COVID-19 Outbreak Among Farmworkers — Okanogan County, Washington, May–August 2020
Weekly / April 30, 2021 / 70(17);617–621
James S. Miller, MD1,2,3; Michelle Holshue, MPH2,3; Tia K.H. Dostal, MPH3; Laura P. Newman, PhD3; Scott Lindquist, MD3 (View author affiliations)View suggested citation
What is already known about this topic?
SARS-CoV-2 can spread rapidly in congregate housing and workplaces with limited physical distancing.
What is added by this report?
Among farmworkers employed by a fruit grower in Washington, SARS-CoV-2 incidence was higher among those living in the community (12%) than among those living in congregate temporary housing (4%). Incidence was higher among farmworkers packing and sorting fruit indoors (28%) than among those working alone or in small groups indoors or working outdoors (6%–10%).
What are the implications for public health practice?
Collaboration among employers, community groups, and public health authorities can help decrease farmworkers’ risk for COVID-19 in the community and the workplace, with particular focus on indoor workers whose jobs limit physical distancing.
Views equals page views plus PDF downloads
Okanogan County, Washington, experienced increased community transmission of SARS-CoV-2, the virus that causes COVID-19, during summer 2020 (1). Multiple COVID-19 outbreaks occurred in agricultural settings, including a large outbreak among employees of a fruit grower during May–August. Because of this outbreak, Okanogan County Public Health and the Washington State Department of Health initiated one-time, on-site screening testing (2) of all orchard and warehouse employees in August 2020 and assessed risk factors for SARS-CoV-2 infection. Among 3,708 known orchard employees, a valid SARS-CoV-2 test result or information on COVID-19–like symptoms in the absence of a test was available for 3,013 (81%). Cumulative incidence of SARS-CoV-2 infection during approximately 3 months among tested orchard employees was 6%. Cumulative incidence was 12% in employees residing in the community, compared with 4% in employees residing in farmworker housing (p<0.001); point prevalence during the single screening testing event was 1% in both groups. Among 1,247 known warehouse employees, a valid result was available for 726 (58%). Cumulative incidence over approximately 3 months among tested warehouse employees was 23%, with substantial variation across job roles. Positive test results were received by 28% of employees who worked packing and sorting fruit, 24% of those in other roles in the packing and sorting area, 10% of forklift operators, 7% of employees in other warehouse roles, and 6% of office employees. Point prevalence among all warehouse workers was 1% at the screening testing event. Collaboration among employers, community groups, and public health authorities can reveal risk factors and help decrease farmworkers’ risk for SARS-CoV-2 infection in the community and the workplace. Creation of a COVID-19 assessment and control plan by agricultural employers, with particular focus on indoor workers whose jobs limit physical distancing, could reduce workplace transmission.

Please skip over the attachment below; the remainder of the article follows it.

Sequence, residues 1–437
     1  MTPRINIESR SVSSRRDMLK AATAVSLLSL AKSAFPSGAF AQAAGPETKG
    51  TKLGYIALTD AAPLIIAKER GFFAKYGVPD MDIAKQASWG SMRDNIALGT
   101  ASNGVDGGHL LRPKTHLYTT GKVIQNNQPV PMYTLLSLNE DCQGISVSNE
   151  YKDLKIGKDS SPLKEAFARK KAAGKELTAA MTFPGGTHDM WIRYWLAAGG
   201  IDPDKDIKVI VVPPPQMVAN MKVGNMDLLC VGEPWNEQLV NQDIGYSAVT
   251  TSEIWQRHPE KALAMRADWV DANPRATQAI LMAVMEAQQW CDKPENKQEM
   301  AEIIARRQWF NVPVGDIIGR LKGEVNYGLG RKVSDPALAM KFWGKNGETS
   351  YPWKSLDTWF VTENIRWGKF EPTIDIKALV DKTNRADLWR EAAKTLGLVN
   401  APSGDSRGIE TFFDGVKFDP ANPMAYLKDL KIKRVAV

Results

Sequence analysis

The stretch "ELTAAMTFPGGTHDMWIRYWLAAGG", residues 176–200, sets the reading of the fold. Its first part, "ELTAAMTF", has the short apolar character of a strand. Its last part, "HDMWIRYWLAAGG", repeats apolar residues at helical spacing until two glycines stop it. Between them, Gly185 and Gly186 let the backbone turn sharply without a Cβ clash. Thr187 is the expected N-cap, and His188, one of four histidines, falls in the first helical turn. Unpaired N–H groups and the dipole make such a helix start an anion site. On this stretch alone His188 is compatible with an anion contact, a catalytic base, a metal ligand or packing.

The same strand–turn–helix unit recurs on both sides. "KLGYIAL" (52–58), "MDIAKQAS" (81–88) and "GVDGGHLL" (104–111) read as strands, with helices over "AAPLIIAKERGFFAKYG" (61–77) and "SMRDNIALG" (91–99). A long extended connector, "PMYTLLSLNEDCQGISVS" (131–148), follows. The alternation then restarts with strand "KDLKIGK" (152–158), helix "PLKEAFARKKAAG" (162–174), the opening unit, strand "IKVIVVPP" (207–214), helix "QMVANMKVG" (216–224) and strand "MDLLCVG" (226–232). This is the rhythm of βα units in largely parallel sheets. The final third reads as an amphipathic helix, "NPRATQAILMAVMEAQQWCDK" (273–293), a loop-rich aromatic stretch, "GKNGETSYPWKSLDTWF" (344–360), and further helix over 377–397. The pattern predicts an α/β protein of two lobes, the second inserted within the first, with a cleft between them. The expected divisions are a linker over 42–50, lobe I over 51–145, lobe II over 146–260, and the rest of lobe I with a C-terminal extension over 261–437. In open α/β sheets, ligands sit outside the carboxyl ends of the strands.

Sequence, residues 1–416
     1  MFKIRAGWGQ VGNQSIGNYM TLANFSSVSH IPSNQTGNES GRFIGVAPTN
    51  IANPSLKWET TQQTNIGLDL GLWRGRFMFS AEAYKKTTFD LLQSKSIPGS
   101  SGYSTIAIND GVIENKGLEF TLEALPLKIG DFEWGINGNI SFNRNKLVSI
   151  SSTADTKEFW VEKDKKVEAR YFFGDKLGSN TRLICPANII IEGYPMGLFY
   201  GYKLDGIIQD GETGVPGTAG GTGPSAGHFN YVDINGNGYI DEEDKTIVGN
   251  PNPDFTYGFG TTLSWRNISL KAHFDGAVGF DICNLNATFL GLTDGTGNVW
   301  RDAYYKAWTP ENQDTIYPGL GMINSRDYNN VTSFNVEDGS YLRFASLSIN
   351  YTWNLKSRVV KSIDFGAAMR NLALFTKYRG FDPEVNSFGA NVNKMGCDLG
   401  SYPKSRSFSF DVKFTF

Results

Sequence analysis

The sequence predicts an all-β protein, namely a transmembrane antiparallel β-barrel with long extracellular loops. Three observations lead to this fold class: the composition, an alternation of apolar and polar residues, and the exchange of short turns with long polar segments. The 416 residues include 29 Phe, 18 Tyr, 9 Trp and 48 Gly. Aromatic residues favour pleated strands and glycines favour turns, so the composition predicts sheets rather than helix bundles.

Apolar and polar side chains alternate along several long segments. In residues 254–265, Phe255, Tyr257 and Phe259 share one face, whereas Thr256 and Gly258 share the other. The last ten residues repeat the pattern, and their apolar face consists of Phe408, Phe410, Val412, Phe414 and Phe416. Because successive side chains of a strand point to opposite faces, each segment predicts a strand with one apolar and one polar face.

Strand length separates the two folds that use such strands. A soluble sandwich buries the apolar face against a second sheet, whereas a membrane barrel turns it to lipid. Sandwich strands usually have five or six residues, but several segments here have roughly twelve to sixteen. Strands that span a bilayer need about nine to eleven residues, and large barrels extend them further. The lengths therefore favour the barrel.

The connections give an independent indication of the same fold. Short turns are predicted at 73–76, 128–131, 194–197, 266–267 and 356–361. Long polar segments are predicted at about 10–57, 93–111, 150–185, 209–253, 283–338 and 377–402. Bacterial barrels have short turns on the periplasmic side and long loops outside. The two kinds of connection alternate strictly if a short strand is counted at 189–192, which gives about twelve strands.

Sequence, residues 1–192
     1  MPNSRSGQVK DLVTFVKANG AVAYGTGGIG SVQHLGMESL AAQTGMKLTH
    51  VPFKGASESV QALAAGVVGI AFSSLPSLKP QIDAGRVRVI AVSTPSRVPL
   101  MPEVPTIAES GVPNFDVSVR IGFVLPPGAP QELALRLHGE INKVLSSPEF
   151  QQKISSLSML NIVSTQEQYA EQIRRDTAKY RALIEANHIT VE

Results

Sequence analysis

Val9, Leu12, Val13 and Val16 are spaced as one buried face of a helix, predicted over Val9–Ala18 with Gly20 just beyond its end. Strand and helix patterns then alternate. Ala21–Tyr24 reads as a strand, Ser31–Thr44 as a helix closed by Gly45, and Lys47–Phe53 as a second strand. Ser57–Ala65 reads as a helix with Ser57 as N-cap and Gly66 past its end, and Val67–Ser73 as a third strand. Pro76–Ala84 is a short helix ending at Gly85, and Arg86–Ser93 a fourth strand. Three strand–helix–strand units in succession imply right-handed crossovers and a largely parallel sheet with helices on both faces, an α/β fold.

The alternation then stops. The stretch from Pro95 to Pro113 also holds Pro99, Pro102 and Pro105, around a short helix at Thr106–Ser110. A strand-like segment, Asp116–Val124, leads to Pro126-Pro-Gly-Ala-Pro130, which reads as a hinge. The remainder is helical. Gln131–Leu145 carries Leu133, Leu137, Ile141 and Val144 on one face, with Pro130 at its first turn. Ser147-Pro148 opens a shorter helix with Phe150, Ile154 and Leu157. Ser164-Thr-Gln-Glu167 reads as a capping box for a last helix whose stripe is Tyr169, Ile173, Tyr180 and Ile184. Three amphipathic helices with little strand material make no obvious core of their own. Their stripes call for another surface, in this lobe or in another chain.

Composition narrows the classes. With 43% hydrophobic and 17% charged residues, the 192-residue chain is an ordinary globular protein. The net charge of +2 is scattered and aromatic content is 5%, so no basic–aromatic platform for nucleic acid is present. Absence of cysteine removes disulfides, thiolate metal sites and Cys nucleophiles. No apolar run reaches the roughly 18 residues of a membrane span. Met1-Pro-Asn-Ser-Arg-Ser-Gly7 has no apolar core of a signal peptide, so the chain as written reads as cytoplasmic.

The Okanogan County fruit grower began referring symptomatic employees for SARS-CoV-2 testing in late May 2020. One-time SARS-CoV-2 screening testing of all employees was conducted on-site in late August.* Before then, asymptomatic employees were not systematically tested. Employees were eligible for inclusion in this investigation if they received at least one SARS-CoV-2 nucleic acid amplification test (NAAT) or antigen test with a positive or negative result, or if they were symptomatic but declined testing. A confirmed case was defined as the first positive SARS-CoV-2 NAAT or antigen test result received by an employee. A suspected case was defined as the presence of symptoms compatible with COVID-19 identified during work site symptom screening in an employee who declined testing.
Employees were classified by job site: orchard or warehouse. Orchard employees were further classified by housing location: congregate temporary farmworker housing (provided by the grower) or personally obtained housing in the community. All warehouse employees resided in the community. Warehouse employees were further classified into the following job roles: 1) sorting and packing fruit, 2) other roles supporting the fruit packing line, 3) forklift operation, 4) administrative (office setting), and 5) other warehouse roles (e.g., cleaning, maintenance, and transportation). Orchard employees worked predominantly outdoors. Warehouse employees generally worked indoors, although some warehouse roles involved some outdoor work. Warehouse employees performed similar work at three separate locations of differing size.